11. A transparency in accordance with claim 1 wherein the hydroxy acids of the second layer are selected from the group consisting of lactic acid, 3-hydroxybutyric acid, 2-hydroxyisobutyric acid, 2-ethyl-2 hydroxybutyric acid, 2-hydroxy-3-methyl butyric acid, 2-hydroxy-2-methyl butyric acid, 2-hydroxy caproic acid, hydroxyisocaproic acid, mandelic acid, 4-methoxy mandelic acid, 4-bromo mandelic acid, 3-hydroxy-4-methoxy mandelic acid, 4-hydroxy-3-methoxy mandelic acid, 4-hydroxy mandelic acid monohydrate, 3-chloro-4-hydroxy benzoic acid hemihydrate, 2-hydroxy-3-isopropyl benzoic acid, 3,5-dibromohydroxy benzoic acid, 3,5-dichloro hydroxy benzoic acid, benzilic acid, 2-(4-hydroxy phenoxy) propionic acid, α-hydroxy hippuric acid, 3,5-diisopropyl salicylic acid, 3-chloro-4-hydroxy phenyl acetic acid, 12-hydroxystearic acid, tropic acid, 2-acrylamido glycolic acid monohydrate, and hexahydromandelic acid.
12. A transparency in accordance with claim 1 wherein the hydroxy acids of the second layer are selected from the group consisting of dihydroxy benzoic acid, 3,4-dihydroxy cinnamic acid, 3,4-dihydroxy hydro cinnamic acid, 3,4-dihydroxy mandelic acid, 3,5-dihydroxy-4-methyl benzoic acid hemihydrate, dihydroxy naphthoic acid, dihydroxy phenylacetic acid, bicine, 2,2-bis(hydroxymethyl)propionic acid, 4,4-bis(4-hydroxyphenyl) valeric acid, and tris(hydroxymethyl) amino methane succinate.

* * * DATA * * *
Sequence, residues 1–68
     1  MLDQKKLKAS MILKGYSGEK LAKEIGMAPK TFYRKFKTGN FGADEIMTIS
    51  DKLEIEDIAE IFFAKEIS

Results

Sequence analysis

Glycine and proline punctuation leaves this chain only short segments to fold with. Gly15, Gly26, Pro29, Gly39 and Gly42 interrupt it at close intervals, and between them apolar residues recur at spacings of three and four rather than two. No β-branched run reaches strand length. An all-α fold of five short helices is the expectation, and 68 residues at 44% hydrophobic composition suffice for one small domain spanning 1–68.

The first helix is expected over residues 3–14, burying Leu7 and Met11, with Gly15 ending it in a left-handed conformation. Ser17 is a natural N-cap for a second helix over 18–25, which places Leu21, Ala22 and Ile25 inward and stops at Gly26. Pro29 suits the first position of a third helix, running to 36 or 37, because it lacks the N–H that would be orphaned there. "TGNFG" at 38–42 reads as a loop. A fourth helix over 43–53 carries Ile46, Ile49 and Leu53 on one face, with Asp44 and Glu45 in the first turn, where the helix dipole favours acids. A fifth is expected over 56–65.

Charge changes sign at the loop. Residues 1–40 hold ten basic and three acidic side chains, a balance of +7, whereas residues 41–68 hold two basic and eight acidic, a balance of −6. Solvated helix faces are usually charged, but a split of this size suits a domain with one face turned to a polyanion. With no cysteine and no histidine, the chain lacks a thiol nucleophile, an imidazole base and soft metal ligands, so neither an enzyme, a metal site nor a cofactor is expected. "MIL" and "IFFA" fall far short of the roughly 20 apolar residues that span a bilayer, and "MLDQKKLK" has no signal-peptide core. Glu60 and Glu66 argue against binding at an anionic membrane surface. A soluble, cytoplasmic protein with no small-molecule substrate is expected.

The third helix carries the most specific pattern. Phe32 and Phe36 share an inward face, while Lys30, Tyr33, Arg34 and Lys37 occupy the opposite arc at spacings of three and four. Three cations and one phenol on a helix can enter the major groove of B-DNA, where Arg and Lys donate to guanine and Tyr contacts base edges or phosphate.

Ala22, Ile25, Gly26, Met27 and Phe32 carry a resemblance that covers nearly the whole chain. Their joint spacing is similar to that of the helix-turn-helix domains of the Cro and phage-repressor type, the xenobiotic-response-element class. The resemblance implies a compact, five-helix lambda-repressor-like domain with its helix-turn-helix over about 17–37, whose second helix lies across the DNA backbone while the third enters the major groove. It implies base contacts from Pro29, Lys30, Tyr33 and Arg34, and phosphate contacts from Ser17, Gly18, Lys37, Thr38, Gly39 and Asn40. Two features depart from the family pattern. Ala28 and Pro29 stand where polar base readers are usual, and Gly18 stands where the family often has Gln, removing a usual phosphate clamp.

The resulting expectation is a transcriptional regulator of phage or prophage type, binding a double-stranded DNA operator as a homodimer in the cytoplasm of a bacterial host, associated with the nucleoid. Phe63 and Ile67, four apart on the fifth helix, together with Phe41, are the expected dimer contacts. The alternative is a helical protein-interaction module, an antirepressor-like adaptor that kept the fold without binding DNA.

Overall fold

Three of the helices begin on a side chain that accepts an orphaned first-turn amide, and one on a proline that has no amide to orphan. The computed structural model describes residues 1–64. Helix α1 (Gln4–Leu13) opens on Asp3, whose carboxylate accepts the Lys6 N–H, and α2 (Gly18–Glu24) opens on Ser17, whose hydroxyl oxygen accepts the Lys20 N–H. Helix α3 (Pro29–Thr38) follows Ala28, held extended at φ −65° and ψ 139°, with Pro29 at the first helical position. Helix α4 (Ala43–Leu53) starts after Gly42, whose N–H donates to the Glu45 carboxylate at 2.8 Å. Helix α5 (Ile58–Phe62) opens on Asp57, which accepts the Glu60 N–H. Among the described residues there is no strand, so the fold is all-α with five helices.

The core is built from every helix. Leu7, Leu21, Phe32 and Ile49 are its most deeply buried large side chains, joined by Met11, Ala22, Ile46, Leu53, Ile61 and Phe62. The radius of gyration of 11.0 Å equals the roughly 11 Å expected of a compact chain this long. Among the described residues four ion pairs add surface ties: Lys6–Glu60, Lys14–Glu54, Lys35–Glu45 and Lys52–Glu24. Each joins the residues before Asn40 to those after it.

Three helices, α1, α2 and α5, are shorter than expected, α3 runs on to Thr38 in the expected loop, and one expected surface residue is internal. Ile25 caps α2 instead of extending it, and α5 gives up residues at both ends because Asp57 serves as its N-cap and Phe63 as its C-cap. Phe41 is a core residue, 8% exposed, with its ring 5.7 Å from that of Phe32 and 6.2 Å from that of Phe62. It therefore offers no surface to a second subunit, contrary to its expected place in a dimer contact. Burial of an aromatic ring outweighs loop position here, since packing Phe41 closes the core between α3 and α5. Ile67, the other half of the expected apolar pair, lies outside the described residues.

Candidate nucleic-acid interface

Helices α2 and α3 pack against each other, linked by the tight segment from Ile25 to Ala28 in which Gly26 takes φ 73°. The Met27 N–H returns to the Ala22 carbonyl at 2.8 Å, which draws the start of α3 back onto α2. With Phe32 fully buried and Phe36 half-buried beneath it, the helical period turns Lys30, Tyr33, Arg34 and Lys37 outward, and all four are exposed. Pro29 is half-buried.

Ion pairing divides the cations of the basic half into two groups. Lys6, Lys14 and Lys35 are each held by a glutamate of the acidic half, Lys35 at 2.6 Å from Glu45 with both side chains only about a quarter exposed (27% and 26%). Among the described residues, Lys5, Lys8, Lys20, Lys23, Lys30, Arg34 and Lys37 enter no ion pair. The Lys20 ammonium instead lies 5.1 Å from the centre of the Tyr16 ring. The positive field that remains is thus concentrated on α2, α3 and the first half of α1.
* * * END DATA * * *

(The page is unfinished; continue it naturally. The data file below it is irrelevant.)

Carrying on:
13. A transparency in accordance with claim 1 wherein said polycarboxyl acids are selected from the group consisting of oxalic acid, malonic acid, succinic acid, glutaric acid, adipic acid, pimelic acid, suberic acid, azelaic acid, sebacic acid, undecanedioic acid, 1,10-decane dicarboxylic acid, 1,11-undecane dicarboxylic acid, 1,12-dodecane dicarboxylic acid, hexadecanedioic acid, tetracosane dioic acid, methyl malonic acid, ketomalonic acid monohydrate, ethyl malonic acid, diethyl malonic acid, mercapto succinic acid, methyl succinic acid, malic acid, 2,3-dimethyl succinic acid, citramalic acid, cyclohexyl succinic acid, 2-(carboxymethyl thio) succinic acid, tartaric acid, 2,2-dimethyl glutaric acid, 2,4-dimethyl glutaric acid, 3,3-dimethyl glutaric acid, 2-methyl glutaric acid, 3-methyl glutaric acid, 3,3-tetramethylene glutaric acid, 3-phenyl glutaric acid, 2-ketoglutaric acid, 3-ketoglutaric acid, 3-methyl adipic acid, 2,6-diamino pimelic acid, 4-ketopimelic acid, mucic acid, 3-methylene cyclopropane-trans-1,2-dicarboxylic acid, 1,1-cyclobutane dicarboxylic acid, cyclohexane dicarboxylic acid, imino diacetic acid, N-(2-acetamido) imino diacetic acid!, methyl iminodiacetic acid, diglycolic acid, 1,1-cyclohexane diacetic acid, fumaric acid, maleic acid, glutaconic acid, 2-dodecenedioic acid, mesaconic acid, citraconic acid, dihydroxy fumaric acid hydrate, trans, and trans-1,3-butadiene-1,4-dicarboxylic acid.